Someone who appears to have been persuaded by Tbus's arguments is Kieran Preston, Metro's director general for 25 years until he retired in January 2014. Interviewed by Yorkshire Evening Post columnist Rod McPhee in March 2009, Mr Preston described the importance of the trolleybus's overhead cables, "We call it the sparks effect . . . Well, it's hard to pin down but you see it in other cities where they have transport systems of this kind . . . When you install these overhead cables you install a sense of permanency, some sense of a reliable and unchanging system that's in place with clarity about where they run from and to . . . And the overhead cables just add a sense of a big city feel to the place, it's something you can't quite quantify but it works." [73] Interviewed by Rod McPhee again in January 2010, Mr Preston continued in the same vein, "Whenever you see a drama or a TV show featuring a big American or European city they always include some kind of footage of an overhead cable transport system, and why? Because it just gives the ambience of some kind of important metropolis . . . And that matters. It matters to businesses wanting to invest in a city, they want to know what else is in place that can attract consumers, visitors and employees." [74] Writing recently in the Yorkshire Evening Post, columnist Grant Woodward seemed unconvinced, "Trolleybus convinces no one that it will make a significant dent in congestion. The bus is no good because for the most part it travels in the same lanes as car traffic." [75]

In October 2012, the Daily Telegraph's property pages reported that Mr Preston had said, "It is generally accepted that the introduction of a rapid transit scheme like NGT has an immediate effect on property prices along the route . . . This increase in value of people’s homes is in addition to increased levels of inward investment, the 3% boost to the local economy and the 4,000 local long-term jobs that NGT is forecast to deliver." [76]

In June 2007, in an interview published in Transit magazine,[77] Mr Preston explained that the trolleybus option requires a Transport and Works Act Order, which he saw as a distinct advantage. The article quotes Mr Preston as saying, “TWA means we can get into the market place with a proper offer and franchise opportunity, and generate competition and interest. If we can get TWA, we can specify the system and route.”

After over 20 years as Metro's director general, Mr Preston took early retirement in January 2014,[72] and so could not be cross-examined about his views on the "sparks effect," property prices, job creation and the need for a TWAO.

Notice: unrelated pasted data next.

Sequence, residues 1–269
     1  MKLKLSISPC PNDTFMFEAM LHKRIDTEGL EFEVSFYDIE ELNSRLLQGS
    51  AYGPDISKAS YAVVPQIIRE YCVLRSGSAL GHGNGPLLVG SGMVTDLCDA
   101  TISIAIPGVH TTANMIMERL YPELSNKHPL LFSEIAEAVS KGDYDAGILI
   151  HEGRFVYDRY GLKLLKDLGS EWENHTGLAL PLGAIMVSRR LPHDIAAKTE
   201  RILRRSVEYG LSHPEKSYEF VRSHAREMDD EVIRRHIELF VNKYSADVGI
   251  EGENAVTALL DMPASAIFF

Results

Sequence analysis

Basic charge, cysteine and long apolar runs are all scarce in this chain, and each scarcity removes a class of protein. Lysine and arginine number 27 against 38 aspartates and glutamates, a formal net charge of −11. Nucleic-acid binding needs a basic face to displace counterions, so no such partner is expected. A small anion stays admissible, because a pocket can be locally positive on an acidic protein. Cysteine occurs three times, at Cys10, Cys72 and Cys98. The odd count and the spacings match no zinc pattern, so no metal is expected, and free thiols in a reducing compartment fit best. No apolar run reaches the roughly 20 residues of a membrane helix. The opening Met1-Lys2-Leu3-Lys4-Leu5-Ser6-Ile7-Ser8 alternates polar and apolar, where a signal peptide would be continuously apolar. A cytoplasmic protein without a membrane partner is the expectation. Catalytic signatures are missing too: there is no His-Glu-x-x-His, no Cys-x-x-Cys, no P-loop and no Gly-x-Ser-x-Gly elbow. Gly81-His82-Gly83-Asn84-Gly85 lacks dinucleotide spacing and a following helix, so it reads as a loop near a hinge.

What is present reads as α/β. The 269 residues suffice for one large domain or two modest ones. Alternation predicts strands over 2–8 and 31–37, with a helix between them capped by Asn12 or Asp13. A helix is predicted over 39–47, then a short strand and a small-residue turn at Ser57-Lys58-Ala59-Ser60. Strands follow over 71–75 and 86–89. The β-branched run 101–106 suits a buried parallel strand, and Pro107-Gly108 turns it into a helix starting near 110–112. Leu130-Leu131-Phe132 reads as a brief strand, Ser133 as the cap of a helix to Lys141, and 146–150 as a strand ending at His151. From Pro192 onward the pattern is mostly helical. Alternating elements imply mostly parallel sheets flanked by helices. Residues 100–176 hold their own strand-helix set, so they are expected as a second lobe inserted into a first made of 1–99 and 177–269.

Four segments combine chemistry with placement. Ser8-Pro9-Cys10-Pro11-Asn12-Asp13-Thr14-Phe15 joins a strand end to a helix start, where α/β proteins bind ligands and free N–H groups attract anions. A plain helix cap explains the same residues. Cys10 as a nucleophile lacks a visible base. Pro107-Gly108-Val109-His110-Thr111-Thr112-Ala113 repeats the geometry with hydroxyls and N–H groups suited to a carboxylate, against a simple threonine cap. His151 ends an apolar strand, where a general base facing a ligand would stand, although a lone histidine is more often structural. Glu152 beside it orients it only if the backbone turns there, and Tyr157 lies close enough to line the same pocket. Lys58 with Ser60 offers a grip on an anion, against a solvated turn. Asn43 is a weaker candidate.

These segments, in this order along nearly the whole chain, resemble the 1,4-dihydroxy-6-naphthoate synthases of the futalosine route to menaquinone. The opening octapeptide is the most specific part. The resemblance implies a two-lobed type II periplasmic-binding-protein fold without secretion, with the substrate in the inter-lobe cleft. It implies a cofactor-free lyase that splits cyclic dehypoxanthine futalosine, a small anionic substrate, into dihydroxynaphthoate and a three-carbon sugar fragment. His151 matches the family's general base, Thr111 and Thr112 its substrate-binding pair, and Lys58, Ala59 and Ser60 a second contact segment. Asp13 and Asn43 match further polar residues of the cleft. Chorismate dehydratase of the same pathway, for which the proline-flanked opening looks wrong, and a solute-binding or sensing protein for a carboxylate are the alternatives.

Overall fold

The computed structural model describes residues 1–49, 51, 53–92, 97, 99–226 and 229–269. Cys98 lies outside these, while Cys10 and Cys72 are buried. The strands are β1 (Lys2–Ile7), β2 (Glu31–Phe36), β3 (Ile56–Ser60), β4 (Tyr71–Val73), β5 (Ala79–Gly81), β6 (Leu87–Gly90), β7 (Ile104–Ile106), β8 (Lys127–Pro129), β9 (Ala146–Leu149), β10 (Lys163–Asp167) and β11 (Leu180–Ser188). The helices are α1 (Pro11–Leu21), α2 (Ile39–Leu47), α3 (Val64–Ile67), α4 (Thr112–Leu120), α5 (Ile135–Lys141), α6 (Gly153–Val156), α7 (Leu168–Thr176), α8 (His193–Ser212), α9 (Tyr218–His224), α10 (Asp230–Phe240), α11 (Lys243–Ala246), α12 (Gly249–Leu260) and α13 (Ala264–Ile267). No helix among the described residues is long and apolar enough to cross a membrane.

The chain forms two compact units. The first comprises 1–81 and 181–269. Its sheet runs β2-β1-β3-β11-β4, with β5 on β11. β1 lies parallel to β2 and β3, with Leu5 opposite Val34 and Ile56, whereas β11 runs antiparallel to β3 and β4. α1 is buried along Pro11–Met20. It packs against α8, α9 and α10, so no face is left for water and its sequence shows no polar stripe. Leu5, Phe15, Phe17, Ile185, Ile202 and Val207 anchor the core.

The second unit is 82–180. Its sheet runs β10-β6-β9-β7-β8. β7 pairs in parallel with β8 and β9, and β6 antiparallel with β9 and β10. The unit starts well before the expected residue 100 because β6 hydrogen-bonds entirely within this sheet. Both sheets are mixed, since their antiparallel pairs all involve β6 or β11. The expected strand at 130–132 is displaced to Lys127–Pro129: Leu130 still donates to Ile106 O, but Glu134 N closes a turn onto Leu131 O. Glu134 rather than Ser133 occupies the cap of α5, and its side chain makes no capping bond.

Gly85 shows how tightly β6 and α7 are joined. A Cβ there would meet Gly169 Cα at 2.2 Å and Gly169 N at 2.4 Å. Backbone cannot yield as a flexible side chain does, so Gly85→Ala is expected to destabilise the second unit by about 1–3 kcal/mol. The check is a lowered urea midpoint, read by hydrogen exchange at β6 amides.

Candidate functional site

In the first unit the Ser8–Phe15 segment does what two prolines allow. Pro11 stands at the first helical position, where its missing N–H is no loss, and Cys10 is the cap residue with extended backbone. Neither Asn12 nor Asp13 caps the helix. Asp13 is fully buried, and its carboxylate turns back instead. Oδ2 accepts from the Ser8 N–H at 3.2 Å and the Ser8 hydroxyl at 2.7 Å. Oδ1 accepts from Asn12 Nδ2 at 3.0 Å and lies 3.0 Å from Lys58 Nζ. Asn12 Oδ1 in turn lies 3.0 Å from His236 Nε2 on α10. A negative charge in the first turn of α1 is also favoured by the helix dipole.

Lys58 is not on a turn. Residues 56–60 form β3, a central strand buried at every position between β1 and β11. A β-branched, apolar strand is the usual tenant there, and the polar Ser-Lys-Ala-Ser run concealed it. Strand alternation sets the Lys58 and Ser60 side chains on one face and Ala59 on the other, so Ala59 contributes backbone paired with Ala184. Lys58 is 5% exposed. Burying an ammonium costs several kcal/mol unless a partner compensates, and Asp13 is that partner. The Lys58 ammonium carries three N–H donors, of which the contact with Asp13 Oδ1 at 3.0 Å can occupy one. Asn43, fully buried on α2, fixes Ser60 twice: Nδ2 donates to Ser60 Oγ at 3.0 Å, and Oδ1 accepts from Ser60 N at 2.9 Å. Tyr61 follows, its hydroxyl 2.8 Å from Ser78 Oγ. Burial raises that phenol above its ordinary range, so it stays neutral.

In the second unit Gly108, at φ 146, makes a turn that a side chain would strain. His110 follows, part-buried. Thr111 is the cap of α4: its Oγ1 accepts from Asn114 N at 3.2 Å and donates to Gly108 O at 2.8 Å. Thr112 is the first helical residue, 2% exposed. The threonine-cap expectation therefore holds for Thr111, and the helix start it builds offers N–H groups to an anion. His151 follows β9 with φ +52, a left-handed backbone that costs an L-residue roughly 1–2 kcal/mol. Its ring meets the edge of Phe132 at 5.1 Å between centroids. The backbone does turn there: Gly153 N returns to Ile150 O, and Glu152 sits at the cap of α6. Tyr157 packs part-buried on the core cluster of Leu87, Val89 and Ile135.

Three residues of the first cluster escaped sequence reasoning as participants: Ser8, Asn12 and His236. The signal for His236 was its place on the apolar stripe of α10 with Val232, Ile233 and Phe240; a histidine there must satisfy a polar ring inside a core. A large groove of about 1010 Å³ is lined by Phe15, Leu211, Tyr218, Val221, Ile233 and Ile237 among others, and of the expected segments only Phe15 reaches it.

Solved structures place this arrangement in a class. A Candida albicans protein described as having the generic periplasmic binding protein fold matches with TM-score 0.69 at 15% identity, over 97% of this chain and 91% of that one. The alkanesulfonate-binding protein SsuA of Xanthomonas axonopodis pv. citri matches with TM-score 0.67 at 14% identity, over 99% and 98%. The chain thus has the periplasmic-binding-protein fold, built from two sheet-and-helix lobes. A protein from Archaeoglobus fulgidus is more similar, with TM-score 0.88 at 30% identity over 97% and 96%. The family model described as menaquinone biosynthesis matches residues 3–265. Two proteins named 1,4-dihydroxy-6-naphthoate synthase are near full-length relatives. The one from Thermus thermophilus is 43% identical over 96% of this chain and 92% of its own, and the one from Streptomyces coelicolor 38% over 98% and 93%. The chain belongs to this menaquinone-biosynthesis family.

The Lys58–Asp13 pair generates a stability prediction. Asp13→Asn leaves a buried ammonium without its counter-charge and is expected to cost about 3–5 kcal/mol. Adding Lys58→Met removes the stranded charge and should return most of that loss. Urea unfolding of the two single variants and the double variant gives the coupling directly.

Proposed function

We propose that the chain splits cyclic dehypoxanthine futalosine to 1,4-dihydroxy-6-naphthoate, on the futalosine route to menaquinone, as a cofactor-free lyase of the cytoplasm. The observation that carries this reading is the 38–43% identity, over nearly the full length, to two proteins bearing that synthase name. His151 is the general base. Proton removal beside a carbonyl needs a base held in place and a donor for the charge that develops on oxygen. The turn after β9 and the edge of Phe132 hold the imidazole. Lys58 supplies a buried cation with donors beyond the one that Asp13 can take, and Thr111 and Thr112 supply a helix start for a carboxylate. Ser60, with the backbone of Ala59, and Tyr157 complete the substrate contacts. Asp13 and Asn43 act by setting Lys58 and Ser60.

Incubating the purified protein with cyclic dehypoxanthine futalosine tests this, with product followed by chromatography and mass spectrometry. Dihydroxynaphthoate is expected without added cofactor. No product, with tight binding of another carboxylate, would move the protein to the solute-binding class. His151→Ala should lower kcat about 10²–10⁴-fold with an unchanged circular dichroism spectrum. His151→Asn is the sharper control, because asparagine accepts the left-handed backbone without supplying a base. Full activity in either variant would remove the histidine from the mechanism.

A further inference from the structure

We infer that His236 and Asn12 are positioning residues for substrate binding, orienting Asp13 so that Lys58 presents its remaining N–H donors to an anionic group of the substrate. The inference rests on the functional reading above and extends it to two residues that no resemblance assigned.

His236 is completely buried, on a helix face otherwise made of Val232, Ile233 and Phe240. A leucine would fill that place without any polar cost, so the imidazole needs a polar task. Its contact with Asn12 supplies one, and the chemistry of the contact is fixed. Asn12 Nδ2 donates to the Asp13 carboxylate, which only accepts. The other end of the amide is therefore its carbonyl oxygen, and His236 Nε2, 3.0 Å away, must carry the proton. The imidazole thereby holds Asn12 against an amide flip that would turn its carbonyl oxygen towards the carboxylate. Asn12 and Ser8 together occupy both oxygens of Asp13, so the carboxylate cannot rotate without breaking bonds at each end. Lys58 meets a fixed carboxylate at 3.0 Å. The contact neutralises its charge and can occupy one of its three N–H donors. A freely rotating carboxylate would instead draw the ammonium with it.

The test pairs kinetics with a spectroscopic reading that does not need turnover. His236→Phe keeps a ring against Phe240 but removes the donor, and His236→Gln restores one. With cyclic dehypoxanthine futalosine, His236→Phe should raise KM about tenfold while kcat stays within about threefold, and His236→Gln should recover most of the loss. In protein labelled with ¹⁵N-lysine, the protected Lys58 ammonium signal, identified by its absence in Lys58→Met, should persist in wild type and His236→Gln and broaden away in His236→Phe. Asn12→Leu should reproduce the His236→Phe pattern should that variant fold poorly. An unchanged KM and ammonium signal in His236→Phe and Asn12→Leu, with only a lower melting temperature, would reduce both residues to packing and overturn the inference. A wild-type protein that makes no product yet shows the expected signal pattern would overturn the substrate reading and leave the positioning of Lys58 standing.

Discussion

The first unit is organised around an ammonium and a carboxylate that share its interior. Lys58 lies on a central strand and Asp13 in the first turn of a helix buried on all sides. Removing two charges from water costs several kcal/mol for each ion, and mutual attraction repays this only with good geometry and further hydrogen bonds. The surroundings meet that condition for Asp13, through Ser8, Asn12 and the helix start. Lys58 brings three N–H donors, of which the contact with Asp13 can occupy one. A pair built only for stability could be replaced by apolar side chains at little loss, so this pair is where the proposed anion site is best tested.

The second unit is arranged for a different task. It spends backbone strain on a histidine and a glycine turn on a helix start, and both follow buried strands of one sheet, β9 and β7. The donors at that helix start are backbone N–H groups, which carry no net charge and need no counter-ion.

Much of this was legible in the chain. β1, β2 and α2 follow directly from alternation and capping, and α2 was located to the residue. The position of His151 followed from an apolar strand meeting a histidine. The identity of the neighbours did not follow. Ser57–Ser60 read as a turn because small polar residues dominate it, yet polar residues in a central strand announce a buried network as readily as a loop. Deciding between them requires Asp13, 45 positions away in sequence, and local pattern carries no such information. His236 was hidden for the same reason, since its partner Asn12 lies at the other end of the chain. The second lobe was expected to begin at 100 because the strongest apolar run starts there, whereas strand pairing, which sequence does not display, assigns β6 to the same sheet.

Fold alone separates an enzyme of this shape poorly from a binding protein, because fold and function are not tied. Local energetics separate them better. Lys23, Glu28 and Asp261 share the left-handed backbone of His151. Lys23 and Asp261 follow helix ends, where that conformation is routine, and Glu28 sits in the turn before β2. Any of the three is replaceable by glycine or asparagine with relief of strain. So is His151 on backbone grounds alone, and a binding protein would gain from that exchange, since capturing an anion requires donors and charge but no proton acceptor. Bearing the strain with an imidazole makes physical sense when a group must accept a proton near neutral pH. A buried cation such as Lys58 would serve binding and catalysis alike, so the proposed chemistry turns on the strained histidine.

Supporters

The scheme is supported by senior councillors within Leeds City Council and by the Metro Board. In order for the scheme to proceed, there has to be a Transport and Works Act Order (TWAO). This was applied for in September 2014. The decision to apply for the order and the decision to confirm the application were made by votes of the full council on the 1st July[78] and 13th November 2013.[79] Before the July vote, the Labour council leader told councillors they’d be "the laughing stock of Europe" if they didn't support the scheme.[80] An examination of the votes shows that no Labour councillor voted against (Labour is the ruling group on the council). In an interview with the head of Metro, Councillor James Lewis, that was published in the Yorkshire Evening Post on the 8th January 2014, Councillor Lewis admitted that the votes had been whipped.[81] In the same article, former leader of the council and Labour MP George Mudie claimed that it was a three line whip that was imposed.

In addition, the scheme is supported by the following Leeds establishment figures and groups: Leeds Civic Trust, Leeds Chamber of Commerce, Allied London, Leeds University, Leeds Teaching Hospitals NHS Trust, Opera North, Hammersons, Jones Lang LaSalle, Yorkshire Design Developments, Leeds Rugby Ltd, Allied London, Bruntwood, SMG (operators of the First Direct Arena), and night-club owner Peter Connolly.[82]

Opponents

The main opposition group is the A660 Joint Council.[83] It comprises most of the community groups along the proposed route and individuals from across the city. It has a membership of just over four hundred. Other opposition groups include the Green Party,[84] the Federation of Small Businesses,[85] the Leeds Cycling Campaign,[86] North West Leeds Transport Forum,[87] and Hunslet against the Trolleybus.[88]

There have been over 240 letters critical of the scheme published in the Yorkshire Evening Post since the scheme was given programme entry approval in July 2012.[89] Only a handful of letters have been supportive of the scheme.

At a meeting of the North West (Outer) Area Committee of Leeds City Council on the 25th March 2013, the following motion was carried by a vote of eleven councillors to one, "This Committee remains to be convinced that the NGT scheme represents any substantive improvement on present transport arrangements in Leeds.” [90] At public meetings held on the 27th February 2013 at Heart in Headingley,[91] the 25th March 2013 at Heart,[92] on the 11th May 2013 at Leeds Civic Hall,[93] on the 5th June 2013 at Heart,[94] and on the 14th July 2014 at St Joseph’s Club in Hunslet, almost everyone who attended was opposed to the scheme.